The Perinatal DBT program, directed by Dr. Tiffany Hopkins, is one of the only full-model DBT programs in the US adapted specifically for perinatal patients. The DBT program includes weekly skills group, individual therapy, phone coaching, and consultation group. Additionally, interns will have the opportunity to complete Dr. Melanie Harned’s DBT+Prolonged Exposure protocol, for patients with primary PTSD diagnoses. Interns will co-facilitate the skills group with a licensed clinician, and over the course of the year-long experience, gain autonomy in planning and leading group sessions.   Interns will co-lead individual therapy for at least one patient over the course of the internship year, and depending on skill level, experience, and interest, may see patients individually under Dr. Hopkins’ supervision. Interns may provide phone coaching and participate in consultation group, depending on their level of experience and training goals.

Interns will receive one hour of individual supervision and one hour of peer consultation each week. Interns may also participate in a one-day workshop on DBT at the outset of internship, and have access to a wealth of training materials for deeper self-study. Interns may also have an opportunity to teach DBT skills and techniques to graduate-level clinical psychology practicum students.

Supervisor: Tiffany Hopkins, PhD

The intern will gain experience with assessment, individual child therapy, and group therapy with parents within the UNC Horizons integrated care program for pregnant or parenting women in residential treatment for substance use disorders and their children. The intern will conduct child mental health assessments including trauma assessment, developmental history, and dyadic observation, and then write up a Clinical Assessment. The intern will also provide individual therapy with children using a variety of evidence-based treatments (e.g., TF-CBT) and conduct parenting groups. Supervision is reflective and focused on case conceptualization and treatment planning. Interns will also have the opportunity to attend multidisciplinary child team meetings.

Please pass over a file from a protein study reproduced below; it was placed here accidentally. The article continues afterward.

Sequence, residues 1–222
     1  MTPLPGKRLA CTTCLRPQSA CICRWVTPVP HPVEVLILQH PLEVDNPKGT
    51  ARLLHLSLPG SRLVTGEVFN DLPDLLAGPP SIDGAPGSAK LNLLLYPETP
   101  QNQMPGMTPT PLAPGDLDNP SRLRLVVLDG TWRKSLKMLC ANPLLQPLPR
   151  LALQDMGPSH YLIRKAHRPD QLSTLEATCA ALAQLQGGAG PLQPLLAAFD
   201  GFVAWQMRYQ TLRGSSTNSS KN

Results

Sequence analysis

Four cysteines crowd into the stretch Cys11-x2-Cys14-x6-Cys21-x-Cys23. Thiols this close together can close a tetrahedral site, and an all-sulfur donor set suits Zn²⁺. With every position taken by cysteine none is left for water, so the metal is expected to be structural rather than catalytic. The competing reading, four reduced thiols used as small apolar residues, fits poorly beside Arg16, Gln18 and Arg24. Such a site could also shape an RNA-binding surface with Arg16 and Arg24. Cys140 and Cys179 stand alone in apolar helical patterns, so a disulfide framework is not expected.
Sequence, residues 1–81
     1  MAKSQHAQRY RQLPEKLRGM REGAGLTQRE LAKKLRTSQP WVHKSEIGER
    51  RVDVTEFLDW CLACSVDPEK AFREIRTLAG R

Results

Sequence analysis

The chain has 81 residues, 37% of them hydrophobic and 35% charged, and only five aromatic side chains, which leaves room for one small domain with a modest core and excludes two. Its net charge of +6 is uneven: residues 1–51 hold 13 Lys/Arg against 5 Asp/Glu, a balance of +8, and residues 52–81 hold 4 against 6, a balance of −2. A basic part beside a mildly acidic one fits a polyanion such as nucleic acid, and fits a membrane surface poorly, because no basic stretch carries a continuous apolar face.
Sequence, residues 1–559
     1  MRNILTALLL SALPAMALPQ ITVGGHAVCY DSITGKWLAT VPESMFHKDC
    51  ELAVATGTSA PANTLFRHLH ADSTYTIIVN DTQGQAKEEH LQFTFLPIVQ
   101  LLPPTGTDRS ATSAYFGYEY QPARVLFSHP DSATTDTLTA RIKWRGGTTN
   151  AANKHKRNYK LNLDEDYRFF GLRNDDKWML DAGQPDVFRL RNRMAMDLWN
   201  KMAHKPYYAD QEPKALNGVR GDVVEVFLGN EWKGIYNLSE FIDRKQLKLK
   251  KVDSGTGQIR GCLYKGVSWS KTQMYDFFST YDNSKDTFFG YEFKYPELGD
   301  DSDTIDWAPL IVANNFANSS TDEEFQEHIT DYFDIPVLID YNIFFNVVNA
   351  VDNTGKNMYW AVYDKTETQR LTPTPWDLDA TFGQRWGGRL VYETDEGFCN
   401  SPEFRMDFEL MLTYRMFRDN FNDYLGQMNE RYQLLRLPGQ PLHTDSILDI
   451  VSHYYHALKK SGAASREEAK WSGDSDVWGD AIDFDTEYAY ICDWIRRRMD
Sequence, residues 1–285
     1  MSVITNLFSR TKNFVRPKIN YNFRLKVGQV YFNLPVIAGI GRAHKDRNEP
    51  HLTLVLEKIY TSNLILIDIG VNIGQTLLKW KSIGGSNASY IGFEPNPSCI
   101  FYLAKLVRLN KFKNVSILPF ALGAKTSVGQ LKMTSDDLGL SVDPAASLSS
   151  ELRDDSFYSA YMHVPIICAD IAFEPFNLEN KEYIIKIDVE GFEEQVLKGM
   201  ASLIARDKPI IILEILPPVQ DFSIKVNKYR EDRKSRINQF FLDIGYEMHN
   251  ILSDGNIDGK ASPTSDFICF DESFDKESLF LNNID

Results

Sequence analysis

Supervisor: Evette Horton, PhD

Additional Track Opportunities

The internship program features a variety of didactic seminars and conferences within the University and Healthcare systems. One specific opportunity is within UNC Hospital’s Beacon Program. This program provides medical, psychological, and educational services for persons experiencing threats, abuse, or other violence. Additionally, the intern will participate in a year-long didactic series emphasizing trauma-informed care. Didactics in trauma-specific evidence-based treatments will be provided by the individual supervisor.  The intern will also benefit from various trauma-focused webinars and trainings.

Supervisors in the trauma track actively support interns’ professional development. Training and professional development goals are set at the beginning of each rotation. Professional development topics include support and coaching regarding postdoctoral and job applications. Additional goals may include writing a case report or research manuscript, presenting at an academic conference, attending a training workshop, supervising practicum students or medical residents, or giving a talk in the Department of Psychiatry.

The intern will have the opportunity to participate in various translational, treatment outcome, and effectiveness studies related to trauma-focused assessment and intervention. Most current research opportunities will be smaller-scale, clinic-specific projects.

The intern will engage in weekly clinical and reflective supervision with an emphasis on the use of evidence-based practice, professional resilience, and reflective capacity.  Supervision is generally conducted through individual treatment-specific discussions, as well as multidisciplinary team presentations. Availability of supervision training and opportunities will vary based upon 1) an intern’s previous training and experience with trauma-focused assessment and intervention, and 2) whether the clinic has current graduate student clinicians. If an intern demonstrates readiness for supervision and supervisees are available, interns may participate in vertical supervision as a part of their training experience.

Program Highlights